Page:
“While we have this working group and members and all our networks around the world, we can't change policies ourselves,” said Bonnici. “But what we can do is bring a level of legitimacy” to social enterprise networks advocating for policy change in a certain country for example that can point to the WEF report as a reference – and the relevant minister could even be in Davos this week, he added.

The report ends with a “2030 vision” that would result from the implementation of its proposals, estimating countries around the world would save trillions of dollars in costs through greater social cohesion and a successful green and digital transitions.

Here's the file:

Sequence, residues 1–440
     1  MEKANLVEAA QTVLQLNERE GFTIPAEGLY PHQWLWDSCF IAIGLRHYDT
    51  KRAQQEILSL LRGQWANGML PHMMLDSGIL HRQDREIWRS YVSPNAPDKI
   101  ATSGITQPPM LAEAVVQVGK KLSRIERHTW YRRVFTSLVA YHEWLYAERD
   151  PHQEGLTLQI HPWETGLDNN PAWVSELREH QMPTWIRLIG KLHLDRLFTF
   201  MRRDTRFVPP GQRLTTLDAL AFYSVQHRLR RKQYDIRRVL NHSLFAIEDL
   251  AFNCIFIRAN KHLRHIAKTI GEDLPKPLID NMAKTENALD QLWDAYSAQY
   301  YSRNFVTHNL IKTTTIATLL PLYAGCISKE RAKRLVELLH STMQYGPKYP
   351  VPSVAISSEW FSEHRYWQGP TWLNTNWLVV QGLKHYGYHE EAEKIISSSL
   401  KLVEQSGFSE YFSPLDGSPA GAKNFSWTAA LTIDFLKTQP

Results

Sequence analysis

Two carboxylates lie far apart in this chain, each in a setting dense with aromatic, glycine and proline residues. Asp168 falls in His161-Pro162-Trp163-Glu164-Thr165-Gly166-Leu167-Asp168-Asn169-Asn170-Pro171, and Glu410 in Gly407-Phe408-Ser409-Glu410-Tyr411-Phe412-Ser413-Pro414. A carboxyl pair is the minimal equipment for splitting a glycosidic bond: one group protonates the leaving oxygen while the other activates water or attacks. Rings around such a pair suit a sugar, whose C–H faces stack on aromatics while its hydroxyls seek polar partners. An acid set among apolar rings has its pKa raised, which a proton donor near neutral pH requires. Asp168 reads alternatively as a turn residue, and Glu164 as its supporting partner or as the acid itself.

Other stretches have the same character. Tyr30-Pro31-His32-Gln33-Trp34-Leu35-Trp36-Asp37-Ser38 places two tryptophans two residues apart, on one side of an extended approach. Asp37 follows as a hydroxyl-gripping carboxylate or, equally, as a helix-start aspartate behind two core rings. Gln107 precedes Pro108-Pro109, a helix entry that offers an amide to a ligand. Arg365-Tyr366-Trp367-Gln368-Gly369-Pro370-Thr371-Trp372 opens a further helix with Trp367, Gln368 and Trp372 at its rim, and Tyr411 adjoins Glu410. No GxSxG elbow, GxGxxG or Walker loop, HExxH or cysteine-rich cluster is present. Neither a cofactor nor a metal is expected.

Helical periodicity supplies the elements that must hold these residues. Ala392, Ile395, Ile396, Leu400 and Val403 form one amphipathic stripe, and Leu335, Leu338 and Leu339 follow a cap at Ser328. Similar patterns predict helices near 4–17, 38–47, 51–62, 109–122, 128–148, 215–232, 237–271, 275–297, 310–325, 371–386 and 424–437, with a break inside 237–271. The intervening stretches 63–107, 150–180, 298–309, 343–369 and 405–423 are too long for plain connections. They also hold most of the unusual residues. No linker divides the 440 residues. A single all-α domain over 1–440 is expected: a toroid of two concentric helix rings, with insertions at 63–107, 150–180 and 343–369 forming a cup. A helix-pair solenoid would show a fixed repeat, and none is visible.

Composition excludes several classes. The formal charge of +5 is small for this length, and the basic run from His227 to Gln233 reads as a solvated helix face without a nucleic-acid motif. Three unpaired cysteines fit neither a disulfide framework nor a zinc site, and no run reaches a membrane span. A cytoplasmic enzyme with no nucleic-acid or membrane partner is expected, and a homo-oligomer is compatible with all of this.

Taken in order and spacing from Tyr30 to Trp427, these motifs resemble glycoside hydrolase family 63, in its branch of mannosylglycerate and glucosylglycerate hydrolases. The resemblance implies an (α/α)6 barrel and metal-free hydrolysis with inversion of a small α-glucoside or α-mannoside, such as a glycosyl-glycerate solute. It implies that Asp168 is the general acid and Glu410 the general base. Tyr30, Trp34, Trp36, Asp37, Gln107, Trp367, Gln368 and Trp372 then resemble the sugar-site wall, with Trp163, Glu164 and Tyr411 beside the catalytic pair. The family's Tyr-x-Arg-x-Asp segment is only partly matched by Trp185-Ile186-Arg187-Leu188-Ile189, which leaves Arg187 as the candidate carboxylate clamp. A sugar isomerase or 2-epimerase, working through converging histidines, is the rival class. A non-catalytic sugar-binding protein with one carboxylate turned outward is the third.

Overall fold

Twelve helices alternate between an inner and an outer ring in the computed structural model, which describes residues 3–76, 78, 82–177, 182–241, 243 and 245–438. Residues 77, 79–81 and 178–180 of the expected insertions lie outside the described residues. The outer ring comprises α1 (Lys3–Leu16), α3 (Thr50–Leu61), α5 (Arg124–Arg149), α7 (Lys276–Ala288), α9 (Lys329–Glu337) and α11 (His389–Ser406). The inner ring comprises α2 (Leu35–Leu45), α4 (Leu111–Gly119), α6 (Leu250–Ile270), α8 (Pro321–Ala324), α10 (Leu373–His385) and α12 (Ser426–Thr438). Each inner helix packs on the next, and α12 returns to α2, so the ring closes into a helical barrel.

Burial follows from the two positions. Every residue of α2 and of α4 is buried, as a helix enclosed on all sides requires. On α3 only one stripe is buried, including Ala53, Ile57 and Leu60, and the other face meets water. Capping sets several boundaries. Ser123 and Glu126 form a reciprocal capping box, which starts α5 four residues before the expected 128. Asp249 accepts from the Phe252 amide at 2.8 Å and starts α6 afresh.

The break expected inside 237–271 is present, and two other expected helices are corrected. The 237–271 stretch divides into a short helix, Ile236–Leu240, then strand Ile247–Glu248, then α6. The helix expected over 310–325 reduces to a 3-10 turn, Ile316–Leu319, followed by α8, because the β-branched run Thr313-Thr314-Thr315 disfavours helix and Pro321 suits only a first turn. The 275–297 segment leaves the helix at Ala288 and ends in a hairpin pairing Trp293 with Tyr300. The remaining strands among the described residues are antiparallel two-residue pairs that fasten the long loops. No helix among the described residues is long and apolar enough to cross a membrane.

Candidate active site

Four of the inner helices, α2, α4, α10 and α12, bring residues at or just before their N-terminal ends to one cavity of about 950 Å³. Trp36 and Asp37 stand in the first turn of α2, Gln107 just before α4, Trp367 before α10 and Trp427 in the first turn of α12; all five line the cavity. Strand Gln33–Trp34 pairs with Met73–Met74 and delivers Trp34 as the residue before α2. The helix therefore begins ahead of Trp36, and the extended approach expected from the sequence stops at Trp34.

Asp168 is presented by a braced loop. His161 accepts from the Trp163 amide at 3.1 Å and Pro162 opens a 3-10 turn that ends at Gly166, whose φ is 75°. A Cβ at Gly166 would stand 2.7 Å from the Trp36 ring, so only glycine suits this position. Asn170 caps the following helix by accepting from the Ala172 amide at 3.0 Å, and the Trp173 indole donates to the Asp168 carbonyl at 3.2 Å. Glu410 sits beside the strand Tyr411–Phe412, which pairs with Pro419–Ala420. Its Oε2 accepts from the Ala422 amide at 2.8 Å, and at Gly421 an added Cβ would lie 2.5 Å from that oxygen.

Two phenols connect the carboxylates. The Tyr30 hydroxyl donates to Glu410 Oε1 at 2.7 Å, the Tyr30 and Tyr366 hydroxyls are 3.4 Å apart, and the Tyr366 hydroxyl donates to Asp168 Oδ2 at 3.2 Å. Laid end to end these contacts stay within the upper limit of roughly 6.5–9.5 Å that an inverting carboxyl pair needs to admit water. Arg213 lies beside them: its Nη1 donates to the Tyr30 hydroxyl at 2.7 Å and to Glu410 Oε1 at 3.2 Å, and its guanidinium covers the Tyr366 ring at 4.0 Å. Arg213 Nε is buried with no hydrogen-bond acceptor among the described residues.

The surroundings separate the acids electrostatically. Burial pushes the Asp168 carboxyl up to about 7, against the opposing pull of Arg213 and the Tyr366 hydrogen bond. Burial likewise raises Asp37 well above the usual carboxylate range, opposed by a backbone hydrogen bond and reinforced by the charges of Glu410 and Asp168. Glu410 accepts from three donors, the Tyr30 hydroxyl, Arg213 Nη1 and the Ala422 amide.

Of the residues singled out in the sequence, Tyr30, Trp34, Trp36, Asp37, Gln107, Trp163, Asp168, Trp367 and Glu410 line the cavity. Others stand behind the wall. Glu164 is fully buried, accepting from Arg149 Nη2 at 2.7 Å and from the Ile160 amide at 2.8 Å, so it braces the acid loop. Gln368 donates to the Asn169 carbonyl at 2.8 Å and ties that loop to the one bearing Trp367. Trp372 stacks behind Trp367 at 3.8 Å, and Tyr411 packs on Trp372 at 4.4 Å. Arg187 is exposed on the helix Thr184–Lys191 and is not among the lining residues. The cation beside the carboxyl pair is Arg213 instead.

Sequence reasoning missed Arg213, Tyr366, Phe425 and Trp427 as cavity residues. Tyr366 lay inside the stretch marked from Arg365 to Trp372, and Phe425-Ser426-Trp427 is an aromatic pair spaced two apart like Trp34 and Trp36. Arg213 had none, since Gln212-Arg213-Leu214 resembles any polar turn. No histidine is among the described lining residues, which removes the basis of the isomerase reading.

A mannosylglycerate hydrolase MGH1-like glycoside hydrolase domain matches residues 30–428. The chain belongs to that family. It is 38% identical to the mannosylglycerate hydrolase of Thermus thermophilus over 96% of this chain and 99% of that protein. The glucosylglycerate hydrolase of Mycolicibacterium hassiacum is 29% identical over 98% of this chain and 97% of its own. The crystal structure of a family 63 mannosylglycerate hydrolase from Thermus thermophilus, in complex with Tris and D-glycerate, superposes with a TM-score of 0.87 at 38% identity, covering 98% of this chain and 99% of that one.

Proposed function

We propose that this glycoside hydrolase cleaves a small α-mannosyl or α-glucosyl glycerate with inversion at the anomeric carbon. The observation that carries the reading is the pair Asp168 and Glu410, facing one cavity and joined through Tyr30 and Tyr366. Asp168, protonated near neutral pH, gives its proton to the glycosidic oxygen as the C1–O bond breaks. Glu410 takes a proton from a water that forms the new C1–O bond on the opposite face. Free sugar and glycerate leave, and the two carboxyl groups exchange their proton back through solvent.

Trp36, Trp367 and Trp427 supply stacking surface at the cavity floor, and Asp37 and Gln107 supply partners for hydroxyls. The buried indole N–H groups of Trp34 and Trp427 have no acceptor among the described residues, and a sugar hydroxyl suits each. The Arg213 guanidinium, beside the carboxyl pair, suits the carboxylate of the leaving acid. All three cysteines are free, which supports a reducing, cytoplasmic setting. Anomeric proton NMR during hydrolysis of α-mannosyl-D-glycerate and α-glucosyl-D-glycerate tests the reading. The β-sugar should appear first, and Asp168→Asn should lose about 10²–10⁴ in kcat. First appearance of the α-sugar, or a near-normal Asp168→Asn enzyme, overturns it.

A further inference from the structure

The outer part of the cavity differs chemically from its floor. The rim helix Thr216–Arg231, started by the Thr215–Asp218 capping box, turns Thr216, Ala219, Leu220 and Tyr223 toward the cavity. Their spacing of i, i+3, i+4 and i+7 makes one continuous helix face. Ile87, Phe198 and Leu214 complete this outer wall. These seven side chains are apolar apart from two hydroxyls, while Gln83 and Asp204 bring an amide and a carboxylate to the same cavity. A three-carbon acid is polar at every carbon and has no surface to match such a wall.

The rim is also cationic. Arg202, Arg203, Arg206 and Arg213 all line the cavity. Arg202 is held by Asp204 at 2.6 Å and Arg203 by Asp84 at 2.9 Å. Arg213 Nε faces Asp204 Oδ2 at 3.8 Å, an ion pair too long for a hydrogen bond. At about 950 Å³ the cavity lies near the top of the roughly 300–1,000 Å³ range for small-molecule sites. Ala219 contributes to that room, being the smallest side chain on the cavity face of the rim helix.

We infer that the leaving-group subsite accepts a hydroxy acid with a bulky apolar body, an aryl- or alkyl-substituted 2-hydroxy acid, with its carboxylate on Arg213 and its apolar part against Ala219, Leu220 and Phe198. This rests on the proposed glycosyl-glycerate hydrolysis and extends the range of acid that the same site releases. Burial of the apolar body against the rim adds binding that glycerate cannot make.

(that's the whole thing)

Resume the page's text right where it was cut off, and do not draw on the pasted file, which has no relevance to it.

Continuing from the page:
But Woodman sounded a word of caution. While some recommendations were already being implemented, with progress being seen around procurement and education for example, building new legal frameworks could take a long time. “2030 is only eight years away,” she says.

She remains optimistic that the message will be heard. “Things are different at the moment. The scale of the global crises, climate change, the pandemic, migration, conflict, the erosion of democracy – there's such a cocktail at the moment that people are looking for real solutions. And I think once we get the right people on board, including through the WEF Annual Summit, the pace of change could be very quick.”